Similarities and Dissimilarities between the Iroquois Constitution and the U.S. Constitution
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Both Constitutions have their similarities and dissimilarities. The Iroquois constitution had been created prior to the U.S. Constitution. In the latter, we can find some ideas from the former because they were transferred by our government. This is the comparative characteristic of the both Constitutions. We discuss the Veto Power, Transference of the Authority, Three Branches of the Government, the Bicameral Legislature, and the Impeachment.
The Veto Power
The power to veto a decision means refusing to allow the possibility of such a decision. This procedure is presented in the Iroquois Constitution. In general, this process is almost identical to the U.S. government procedure aimed at creating and vetoing different rules and laws. In the Iroquois Constitution, the Fire Keepers were the President, who had the power to veto decisions. It should be noted that the U.S. President can do the same in the government of the country.
Transference of the Authority
If the President cannot perform his or her duties, he or she is temporarily replaced by his or her partner. In the Iroquois Constitution, several physical disabilities that can make their President unsuitable for the position are indicated. It could be early childhood, dullness, blindness, voicelessness, and impotence. They approved a deputy on the position.
Three Branches of the Government
In both Constitutions, the government is split up into three branches. In the Iroquois Constitution, we can find that the main task for these branches is controlling each other so that none makes any mistakes. Accordingly, we can see the similarity of such a division in the U.S. Constitution.
The bicameral legislature denotes that there are two separate levels through which everything must pass. The Iroquois’ system of government also comprises two levels. All questions are discussed on the first level and then are debated and accepted on the second level. When we compare it with the U.S. Constitution, we have a two-level system consisting of the House of Representatives and the Senate.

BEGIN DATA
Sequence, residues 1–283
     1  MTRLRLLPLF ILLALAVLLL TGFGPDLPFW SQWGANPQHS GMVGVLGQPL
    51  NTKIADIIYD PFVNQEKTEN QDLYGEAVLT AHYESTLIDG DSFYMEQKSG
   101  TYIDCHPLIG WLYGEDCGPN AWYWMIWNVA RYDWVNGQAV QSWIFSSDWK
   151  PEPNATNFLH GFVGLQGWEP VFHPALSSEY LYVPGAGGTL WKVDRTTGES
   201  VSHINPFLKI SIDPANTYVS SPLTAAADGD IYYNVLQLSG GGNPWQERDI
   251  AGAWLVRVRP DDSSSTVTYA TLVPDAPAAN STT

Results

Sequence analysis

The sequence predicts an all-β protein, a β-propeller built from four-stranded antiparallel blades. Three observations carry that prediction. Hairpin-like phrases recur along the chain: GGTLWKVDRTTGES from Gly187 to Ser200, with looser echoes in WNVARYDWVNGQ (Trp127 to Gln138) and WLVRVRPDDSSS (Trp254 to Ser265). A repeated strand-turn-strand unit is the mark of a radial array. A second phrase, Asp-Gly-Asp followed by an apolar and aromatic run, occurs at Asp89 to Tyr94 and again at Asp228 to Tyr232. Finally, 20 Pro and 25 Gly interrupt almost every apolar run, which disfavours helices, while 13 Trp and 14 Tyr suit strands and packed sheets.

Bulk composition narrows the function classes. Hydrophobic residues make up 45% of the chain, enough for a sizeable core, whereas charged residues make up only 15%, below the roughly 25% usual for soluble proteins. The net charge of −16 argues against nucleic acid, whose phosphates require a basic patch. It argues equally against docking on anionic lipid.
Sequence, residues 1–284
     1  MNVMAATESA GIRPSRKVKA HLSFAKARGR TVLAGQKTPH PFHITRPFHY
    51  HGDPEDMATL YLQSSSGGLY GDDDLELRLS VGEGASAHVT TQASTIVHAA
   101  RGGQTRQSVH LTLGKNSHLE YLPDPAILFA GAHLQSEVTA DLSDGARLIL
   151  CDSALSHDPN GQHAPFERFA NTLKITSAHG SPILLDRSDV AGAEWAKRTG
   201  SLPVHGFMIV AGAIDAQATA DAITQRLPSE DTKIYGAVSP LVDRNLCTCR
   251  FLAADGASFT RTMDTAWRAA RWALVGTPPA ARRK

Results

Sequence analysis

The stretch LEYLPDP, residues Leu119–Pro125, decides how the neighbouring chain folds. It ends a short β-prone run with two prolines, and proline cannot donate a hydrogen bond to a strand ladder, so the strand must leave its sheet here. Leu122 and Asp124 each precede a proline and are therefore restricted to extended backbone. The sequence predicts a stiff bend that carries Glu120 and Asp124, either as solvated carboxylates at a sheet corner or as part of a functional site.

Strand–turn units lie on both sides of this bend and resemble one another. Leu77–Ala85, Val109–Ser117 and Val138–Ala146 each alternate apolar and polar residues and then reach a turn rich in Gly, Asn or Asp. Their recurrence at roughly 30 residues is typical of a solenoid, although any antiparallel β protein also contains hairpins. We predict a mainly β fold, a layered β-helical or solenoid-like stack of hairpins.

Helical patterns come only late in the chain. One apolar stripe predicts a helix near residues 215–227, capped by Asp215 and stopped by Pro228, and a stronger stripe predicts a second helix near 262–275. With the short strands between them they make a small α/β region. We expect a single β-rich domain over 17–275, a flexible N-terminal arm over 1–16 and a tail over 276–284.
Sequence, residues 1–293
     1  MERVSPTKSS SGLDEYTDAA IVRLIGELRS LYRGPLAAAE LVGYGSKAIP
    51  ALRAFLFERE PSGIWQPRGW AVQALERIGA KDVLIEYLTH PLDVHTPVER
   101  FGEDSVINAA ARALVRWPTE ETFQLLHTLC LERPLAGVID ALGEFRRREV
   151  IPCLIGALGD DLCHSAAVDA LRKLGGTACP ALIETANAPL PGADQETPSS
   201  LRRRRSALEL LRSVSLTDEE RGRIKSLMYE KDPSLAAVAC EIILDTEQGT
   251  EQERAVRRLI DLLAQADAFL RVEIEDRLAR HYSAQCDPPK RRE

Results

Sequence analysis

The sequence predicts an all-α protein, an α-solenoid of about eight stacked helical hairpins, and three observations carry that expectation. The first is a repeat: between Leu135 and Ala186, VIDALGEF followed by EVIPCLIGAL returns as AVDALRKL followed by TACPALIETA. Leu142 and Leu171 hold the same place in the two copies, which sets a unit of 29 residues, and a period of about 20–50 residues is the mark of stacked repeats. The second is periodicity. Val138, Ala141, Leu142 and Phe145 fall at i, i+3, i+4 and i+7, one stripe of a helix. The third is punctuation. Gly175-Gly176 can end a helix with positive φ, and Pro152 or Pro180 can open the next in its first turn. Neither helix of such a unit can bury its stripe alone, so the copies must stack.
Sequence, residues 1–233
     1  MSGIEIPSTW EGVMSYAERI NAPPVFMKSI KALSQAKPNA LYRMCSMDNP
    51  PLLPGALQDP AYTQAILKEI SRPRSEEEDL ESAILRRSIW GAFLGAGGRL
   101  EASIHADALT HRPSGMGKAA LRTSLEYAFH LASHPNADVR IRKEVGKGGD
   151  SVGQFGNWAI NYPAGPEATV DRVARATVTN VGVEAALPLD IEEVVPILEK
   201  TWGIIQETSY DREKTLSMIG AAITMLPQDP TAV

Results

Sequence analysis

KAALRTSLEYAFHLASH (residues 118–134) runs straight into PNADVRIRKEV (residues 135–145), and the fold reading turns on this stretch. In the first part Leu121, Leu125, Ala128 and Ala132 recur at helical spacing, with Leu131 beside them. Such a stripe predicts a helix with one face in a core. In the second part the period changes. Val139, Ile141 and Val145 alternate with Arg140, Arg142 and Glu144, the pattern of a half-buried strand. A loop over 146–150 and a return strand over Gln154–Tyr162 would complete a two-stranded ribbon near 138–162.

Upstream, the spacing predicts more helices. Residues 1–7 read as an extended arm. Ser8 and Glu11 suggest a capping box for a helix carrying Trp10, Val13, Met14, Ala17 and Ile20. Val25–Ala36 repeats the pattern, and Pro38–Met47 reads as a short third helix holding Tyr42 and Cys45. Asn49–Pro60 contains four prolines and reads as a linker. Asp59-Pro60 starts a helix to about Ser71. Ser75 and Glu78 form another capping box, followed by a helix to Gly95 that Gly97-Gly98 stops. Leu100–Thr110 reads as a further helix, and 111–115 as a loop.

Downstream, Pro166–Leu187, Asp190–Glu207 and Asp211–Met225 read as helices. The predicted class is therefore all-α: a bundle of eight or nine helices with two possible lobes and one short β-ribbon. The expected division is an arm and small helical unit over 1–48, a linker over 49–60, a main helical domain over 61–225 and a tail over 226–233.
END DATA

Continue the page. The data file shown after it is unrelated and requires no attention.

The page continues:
The impeachment procedure is slightly dissimilar between two governments, but the main scheme is identical. If a state official in the United States breaks a federal law or does not have the highest rate he/she can be impeached. In the Iroquois Constitution, there is a thesis that if the leader does not have a majority of supporters or ignores the rules and laws, then he or she could be removed from the position.
It is worth noting that the United States Constitution has a lot of similar principles as the Iroquois Constitution does. The Establishers of our Constitution had borrowed some ideas from the previous Constitution. They liked all the things we talked about. Due to them, we are using almost all of those ideas today, such as the veto power, transference of the authority, three branches of the government, the bicameral legislature, and the process of the impeachment. The above-mentioned basic concepts develop our state system and transform it in that way we know this system today.
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